Not Needed, Blessed.

My five year old, Rosie, got a kid’s pottery wheel for Christmas. One of the reasons she wanted this toy (aside from the fact that there was a tv commercial for it) is that I, her momma, am an artist and sculptor and she loves to “be like me.”

The day after Christmas we pulled it out of the box and put it together. Rosie couldn’t reach the sink, so I filled the water bottle. She couldn’t open the foil sealed packs of clay, but I easily pulled one open. She didn’t have the hand strength to shape the sheet of clay into a workable ball, but that was simple as pie for me. I showed her what each tool did, and she pushed the button to start the wheel.

Rosie decided to make the “Turtle Shaped Jewelry Box” as seen in the directions. I portioned out the clay, giving her just enough for the shell. There was some pouting when the clay kept skidding off to one side of the slimy, wet plastic wheel. Rosie doesn’t yet have the skill to put equal amounts of pressure on all sides of the clay to keep it centered on the spinning wheel. I sprayed the clay down as her little fingers worked out the bumps and lines, but she said, “Hey! I want to do that!” Now she was alternating between the squirt bottle and her fumbling attempts to “sculpt.”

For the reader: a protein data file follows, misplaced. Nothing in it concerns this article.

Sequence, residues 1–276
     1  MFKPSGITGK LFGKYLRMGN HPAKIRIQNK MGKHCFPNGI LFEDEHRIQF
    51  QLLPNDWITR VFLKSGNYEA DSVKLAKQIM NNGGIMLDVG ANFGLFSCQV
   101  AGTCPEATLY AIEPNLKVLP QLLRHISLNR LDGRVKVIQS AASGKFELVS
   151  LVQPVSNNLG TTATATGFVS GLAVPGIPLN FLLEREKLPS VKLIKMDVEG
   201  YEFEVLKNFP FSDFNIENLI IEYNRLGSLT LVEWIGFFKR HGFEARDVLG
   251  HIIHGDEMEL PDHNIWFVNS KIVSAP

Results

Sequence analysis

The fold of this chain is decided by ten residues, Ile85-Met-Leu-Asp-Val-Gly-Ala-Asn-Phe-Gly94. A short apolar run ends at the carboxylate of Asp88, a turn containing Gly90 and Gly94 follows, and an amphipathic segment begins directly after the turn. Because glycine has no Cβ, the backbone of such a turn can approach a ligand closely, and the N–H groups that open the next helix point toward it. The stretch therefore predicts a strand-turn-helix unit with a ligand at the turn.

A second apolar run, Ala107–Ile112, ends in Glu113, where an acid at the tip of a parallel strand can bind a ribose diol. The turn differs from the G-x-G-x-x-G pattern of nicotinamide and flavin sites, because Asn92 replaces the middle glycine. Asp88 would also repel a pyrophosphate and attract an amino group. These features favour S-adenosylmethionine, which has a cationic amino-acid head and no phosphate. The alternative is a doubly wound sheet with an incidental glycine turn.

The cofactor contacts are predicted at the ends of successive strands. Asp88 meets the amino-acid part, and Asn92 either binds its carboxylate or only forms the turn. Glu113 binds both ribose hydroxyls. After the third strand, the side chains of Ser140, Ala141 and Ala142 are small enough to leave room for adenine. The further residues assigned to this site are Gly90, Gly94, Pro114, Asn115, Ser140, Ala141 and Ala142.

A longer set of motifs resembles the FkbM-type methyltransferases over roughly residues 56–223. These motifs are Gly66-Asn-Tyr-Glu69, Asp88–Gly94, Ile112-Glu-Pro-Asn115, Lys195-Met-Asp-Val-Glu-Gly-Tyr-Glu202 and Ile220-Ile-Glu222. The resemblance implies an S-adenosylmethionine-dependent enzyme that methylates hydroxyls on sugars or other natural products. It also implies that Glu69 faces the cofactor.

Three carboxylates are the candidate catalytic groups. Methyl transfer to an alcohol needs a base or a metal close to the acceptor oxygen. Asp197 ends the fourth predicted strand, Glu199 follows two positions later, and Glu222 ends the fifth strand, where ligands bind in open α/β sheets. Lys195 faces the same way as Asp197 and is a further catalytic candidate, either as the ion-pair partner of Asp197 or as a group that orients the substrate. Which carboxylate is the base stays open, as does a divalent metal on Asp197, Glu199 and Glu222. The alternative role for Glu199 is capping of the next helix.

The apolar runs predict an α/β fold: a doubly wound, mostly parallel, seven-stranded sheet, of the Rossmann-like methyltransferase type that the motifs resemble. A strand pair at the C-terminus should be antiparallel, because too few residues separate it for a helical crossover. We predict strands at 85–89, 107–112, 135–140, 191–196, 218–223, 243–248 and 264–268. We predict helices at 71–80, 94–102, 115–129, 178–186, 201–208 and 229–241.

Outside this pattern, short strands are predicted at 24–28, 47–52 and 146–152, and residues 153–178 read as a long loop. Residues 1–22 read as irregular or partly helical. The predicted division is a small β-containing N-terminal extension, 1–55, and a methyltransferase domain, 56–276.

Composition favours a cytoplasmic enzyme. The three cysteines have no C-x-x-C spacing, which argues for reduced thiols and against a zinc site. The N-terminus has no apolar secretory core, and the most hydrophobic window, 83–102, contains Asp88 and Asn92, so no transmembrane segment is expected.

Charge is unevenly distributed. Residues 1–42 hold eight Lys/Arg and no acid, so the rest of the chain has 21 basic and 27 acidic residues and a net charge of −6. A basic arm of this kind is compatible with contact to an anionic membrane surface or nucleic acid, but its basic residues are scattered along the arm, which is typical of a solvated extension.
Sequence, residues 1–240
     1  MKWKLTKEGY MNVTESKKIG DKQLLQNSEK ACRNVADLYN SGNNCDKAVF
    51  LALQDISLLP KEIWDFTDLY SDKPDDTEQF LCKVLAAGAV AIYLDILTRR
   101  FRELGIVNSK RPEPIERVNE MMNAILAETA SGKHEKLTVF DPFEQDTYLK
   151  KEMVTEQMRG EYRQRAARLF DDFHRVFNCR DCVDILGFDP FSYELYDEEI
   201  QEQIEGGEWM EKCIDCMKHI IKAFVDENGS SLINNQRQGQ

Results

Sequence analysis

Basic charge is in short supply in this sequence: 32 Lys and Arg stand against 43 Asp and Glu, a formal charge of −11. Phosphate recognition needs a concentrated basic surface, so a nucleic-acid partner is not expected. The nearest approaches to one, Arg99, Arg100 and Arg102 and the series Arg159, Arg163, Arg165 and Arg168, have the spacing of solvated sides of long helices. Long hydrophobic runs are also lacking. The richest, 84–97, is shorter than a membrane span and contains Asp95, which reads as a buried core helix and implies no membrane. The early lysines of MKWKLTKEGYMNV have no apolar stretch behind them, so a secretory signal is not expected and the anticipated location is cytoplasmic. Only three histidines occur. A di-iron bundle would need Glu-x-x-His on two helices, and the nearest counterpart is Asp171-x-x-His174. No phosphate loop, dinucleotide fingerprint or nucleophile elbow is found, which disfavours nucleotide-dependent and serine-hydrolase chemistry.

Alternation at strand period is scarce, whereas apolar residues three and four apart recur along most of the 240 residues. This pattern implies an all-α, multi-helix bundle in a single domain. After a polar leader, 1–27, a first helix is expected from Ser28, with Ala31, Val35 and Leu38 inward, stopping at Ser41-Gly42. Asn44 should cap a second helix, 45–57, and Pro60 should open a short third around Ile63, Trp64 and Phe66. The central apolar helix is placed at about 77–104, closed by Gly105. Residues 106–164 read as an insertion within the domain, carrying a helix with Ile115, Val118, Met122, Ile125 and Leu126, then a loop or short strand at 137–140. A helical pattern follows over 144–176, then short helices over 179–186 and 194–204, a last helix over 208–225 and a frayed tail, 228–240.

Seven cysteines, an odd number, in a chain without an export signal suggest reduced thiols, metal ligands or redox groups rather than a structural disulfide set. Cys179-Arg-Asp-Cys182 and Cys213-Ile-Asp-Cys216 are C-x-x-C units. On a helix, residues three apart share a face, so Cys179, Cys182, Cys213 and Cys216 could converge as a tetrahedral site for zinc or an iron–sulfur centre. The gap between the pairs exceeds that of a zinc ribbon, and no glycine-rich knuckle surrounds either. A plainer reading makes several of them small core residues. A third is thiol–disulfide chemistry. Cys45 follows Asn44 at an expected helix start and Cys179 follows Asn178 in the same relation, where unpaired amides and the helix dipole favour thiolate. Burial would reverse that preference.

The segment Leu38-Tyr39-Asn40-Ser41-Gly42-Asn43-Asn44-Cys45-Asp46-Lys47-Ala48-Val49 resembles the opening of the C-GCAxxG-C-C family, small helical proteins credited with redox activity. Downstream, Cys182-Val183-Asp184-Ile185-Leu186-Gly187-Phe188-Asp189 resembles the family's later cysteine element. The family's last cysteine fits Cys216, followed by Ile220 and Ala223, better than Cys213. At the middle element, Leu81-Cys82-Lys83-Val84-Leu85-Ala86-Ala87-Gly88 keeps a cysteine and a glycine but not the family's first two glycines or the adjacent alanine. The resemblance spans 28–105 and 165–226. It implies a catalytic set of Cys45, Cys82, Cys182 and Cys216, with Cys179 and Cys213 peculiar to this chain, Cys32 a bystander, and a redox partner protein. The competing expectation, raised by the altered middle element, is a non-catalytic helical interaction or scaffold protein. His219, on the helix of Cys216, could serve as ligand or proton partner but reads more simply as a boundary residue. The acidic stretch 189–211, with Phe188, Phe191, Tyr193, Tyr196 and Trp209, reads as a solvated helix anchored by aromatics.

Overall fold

I tried to hold back.

Better moms would have.

The joy is in the journey right?

But I couldn’t help myself. I kept insisting she let me guide her (otherwise the clay would’ve dried out before we had it halfway done and the outcome definitely wasn’t going to look like any kind of turtle!). When we had a “shell,” I rolled a ball for the head and showed her where to stick it. I rolled the feet and made little prick marks on our turtle so she’d space them with some semblance of physical realism. To make the turtley lines on the shell, I scraped the tool around the shell in concentric circles and then showed Rosie how to sketch the connecting lines. She slumped in her seat overwhelmed by my instruction. My involvement was starting to irritate her at this point. She sort of gave up on imitating my shell lines and let me finish them.

“Here honey, use these little tools to make the face,” I coaxed. Ready to be done with the long, laborious art project (it took less than ten minutes) she made some pokes and sat back satisfied.